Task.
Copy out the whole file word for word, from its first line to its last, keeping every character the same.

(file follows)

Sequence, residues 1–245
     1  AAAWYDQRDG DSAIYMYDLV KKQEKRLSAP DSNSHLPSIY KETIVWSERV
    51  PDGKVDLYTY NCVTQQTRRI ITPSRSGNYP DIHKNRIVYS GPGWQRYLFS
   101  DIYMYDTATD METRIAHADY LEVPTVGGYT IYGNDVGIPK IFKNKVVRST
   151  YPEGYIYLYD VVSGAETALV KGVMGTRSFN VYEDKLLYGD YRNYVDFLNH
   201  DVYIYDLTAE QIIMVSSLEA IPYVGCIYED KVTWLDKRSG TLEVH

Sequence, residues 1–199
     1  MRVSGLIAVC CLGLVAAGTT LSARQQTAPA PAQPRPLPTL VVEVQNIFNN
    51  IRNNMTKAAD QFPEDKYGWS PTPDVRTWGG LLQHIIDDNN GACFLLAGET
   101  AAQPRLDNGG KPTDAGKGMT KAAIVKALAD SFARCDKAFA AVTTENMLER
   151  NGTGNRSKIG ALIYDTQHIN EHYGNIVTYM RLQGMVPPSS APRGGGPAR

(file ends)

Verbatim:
Sequence, residues 1–245
     1  AAAWYDQRDG DSAIYMYDLV KKQEKRLSAP DSNSHLPSIY KETIVWSERV
    51  PDGKVDLYTY NCVTQQTRRI ITPSRSGNYP DIHKNRIVYS GPGWQRYLFS
   101  DIYMYDTATD METRIAHADY LEVPTVGGYT IYGNDVGIPK IFKNKVVRST
   151  YPEGYIYLYD VVSGAETALV KGVMGTRSFN VYEDKLLYGD YRNYVDFLNH
   201  DVYIYDLTAE QIIMVSSLEA IPYVGCIYED KVTWLDKRSG TLEVH

Sequence, residues 1–199
     1  MRVSGLIAVC CLGLVAAGTT LSARQQTAPA PAQPRPLPTL VVEVQNIFNN
    51  IRNNMTKAAD QFPEDKYGWS PTPDVRTWGG LLQHIIDDNN GACFLLAGET
   101  AAQPRLDNGG KPTDAGKGMT KAAIVKALAD SFARCDKAFA AVTTENMLER
   151  NGTGNRSKIG ALIYDTQHIN EHYGNIVTYM RLQGMVPPSS APRGGGPAR